At the very least we had an interesting excursion, and we now have our favorite teas to remind us of the experience.

Photos by Larry and  Beverly Burmeier


Monday, April 17, 2023

Take a gondola ride when in Venice

A visit to Venice, Italy isn’t complete without a gondola ride down the Grand Canal and a couple of side canals that substitute for streets.  So after spending a several hours walking around St. Mark’s Square (overrun with tourists and souvenir vendors on a Sunday afternoon), strolling through a maze of narrow alleys and streets to the famous Rialta Bridge (great photo opportunity), and bypassing long lines of people waiting to enter Doges Cathedral (admiring the outside architecture sufficed), we splurged for an evening on the water.

Gondola ride is the quintessential adventure in Venice.

My husband Larry and I shared our gondola—and a bottle of champagne—with a young couple from New York, skimming the water’s surface to a serenade of Italian love songs.  Romance filled the air as dark embers of a summer sun flickered into the shadows of night, softly illuminating the unmistakable architecture of Venice.
Goldolier paddling

Gondoliers dressed in red and white striped shirts deftly maneuvered their water crafts through the narrow canals with a single long-handled paddle.  

Wine adds to any experience!

Shops lining the water were mostly closed at this point, and the crowds had thinned noticeably.  Cool night breezes felt refreshing after our mid-afternoon wanderings in the August heat.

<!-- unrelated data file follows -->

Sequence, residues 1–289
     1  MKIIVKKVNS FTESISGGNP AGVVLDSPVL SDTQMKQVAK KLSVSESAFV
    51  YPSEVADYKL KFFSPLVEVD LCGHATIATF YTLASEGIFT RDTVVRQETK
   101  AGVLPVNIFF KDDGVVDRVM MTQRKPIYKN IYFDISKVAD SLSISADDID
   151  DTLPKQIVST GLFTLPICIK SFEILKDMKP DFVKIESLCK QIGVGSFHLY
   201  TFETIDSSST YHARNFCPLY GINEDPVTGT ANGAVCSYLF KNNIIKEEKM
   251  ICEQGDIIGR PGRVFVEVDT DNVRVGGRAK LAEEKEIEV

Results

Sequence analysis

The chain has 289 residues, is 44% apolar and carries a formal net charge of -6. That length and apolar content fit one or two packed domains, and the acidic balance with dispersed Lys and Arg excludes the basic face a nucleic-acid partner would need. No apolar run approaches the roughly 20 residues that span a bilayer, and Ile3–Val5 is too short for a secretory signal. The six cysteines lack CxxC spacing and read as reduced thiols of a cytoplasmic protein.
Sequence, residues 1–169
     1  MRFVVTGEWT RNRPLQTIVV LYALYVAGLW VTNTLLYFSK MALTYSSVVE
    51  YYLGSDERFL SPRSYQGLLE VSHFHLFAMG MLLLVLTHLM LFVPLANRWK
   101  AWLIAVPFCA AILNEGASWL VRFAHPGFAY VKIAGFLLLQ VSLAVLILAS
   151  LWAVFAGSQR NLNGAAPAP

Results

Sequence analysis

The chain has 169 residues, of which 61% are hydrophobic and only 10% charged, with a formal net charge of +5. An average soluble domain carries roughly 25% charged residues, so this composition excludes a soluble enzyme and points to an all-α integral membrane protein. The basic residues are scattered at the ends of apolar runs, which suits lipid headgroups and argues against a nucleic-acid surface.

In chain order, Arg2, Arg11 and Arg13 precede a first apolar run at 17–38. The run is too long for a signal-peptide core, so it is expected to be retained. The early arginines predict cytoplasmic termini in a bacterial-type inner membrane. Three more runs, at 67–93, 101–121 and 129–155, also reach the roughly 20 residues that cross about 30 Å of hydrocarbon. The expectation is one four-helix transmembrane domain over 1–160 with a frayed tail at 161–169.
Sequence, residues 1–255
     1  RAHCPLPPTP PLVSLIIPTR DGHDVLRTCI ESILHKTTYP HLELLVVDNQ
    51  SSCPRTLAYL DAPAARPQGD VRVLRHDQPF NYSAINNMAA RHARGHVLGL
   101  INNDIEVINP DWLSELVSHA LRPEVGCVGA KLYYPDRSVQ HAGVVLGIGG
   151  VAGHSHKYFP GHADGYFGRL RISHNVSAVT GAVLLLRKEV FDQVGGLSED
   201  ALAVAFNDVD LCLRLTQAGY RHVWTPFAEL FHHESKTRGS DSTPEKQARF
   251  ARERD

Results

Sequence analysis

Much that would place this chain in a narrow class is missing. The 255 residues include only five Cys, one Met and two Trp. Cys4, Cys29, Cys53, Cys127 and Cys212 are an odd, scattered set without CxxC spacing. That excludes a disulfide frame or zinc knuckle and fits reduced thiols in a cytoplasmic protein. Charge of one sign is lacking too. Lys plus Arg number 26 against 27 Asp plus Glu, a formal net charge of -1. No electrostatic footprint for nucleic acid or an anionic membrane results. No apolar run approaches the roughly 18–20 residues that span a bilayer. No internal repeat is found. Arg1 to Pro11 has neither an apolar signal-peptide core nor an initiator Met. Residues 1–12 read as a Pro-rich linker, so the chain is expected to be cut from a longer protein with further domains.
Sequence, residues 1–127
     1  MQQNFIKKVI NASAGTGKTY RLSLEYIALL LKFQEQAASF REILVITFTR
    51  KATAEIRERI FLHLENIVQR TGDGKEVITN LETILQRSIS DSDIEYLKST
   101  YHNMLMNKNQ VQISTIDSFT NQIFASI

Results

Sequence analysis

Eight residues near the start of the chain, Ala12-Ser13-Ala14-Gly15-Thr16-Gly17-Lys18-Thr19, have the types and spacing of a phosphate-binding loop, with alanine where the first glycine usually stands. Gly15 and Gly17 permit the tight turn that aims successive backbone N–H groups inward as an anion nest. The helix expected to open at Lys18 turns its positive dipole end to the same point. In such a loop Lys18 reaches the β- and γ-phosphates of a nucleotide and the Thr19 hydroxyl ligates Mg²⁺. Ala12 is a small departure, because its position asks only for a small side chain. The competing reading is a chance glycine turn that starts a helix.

Looking at the city from less-crowded evening waterways provided a different perspective from our earlier foray among the crowds of tourists. Two hour gondola tours may be booked with or without music, but I would miss those deep, smooth Italian vocals.

Venice is actually a series of 20 islands connected by bridges.  The city is built on supports placed in the ground and surrounded with mud that eventually becomes hard as concrete.  During the winter months, ample rains cause water to rise and flood the streets, so people wear hip-length rubber boots for sloshing through town.  When the water level is so high, boats are not able to pass under many bridges, so alternate route are taken. 

Gondolas ready to go in the Grand Canal

Still, Venetians take advantage of their watery situation.  Boat races are held on the first Sunday of each month, and fireworks celebrate construction of the Doges Cathedral every third week of the month.

These days the Italian government has banned all but the smallest cruise ships from central Venice. Cruise ships sail up the 2.5 mile Giudecca canal, before turning right to dock at the “Marittima” port on the western edge of Venice's historic center. You can walk from the cruise port exit to Piazzale Roma in about 20 minutes.

Skimming a small canal inVenice